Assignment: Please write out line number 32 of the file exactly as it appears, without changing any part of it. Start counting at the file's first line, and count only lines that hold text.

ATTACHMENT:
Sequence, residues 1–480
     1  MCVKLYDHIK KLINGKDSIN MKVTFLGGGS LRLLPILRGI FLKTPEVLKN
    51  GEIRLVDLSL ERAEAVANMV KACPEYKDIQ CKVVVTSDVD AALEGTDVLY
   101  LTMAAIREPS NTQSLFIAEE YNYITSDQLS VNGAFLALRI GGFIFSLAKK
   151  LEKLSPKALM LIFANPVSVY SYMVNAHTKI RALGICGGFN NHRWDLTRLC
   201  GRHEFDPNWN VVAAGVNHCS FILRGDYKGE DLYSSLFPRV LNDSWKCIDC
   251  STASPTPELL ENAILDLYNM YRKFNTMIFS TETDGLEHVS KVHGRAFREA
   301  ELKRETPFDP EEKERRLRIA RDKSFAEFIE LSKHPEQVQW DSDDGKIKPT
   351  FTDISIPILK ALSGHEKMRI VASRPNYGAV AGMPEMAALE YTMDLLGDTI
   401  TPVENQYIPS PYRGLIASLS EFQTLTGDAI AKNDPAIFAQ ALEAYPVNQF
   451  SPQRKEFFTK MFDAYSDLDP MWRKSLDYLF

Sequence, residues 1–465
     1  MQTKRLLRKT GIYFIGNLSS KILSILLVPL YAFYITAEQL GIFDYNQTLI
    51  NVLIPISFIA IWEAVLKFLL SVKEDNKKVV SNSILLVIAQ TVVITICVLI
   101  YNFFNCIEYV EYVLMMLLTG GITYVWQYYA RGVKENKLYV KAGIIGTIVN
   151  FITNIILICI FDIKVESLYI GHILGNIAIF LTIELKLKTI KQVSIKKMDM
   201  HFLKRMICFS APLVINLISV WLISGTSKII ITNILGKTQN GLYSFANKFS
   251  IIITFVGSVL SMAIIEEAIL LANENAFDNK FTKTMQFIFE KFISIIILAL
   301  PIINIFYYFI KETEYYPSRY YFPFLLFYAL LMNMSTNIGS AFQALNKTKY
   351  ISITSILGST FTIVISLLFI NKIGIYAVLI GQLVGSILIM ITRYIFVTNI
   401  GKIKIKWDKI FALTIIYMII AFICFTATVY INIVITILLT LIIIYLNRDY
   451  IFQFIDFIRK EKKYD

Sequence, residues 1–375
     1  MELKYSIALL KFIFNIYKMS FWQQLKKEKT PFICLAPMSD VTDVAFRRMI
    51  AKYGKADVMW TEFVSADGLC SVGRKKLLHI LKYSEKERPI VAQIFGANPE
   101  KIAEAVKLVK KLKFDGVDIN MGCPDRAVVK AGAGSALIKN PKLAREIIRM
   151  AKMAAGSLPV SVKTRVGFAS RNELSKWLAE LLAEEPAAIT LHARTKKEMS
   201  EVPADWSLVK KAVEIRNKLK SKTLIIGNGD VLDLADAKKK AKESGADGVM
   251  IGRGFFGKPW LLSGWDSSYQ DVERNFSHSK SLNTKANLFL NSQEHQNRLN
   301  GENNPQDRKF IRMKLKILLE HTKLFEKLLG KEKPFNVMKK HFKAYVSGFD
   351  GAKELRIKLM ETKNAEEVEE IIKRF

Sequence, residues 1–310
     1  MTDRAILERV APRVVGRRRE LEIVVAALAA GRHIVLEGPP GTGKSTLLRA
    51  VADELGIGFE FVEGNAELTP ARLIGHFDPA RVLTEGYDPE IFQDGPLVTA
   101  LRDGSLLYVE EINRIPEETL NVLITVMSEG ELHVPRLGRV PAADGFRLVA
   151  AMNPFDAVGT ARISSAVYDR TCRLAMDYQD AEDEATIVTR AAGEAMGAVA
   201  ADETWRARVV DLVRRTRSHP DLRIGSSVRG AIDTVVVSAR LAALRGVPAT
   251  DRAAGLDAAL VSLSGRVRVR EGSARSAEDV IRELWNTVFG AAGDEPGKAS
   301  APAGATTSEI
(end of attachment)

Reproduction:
Sequence, residues 1–310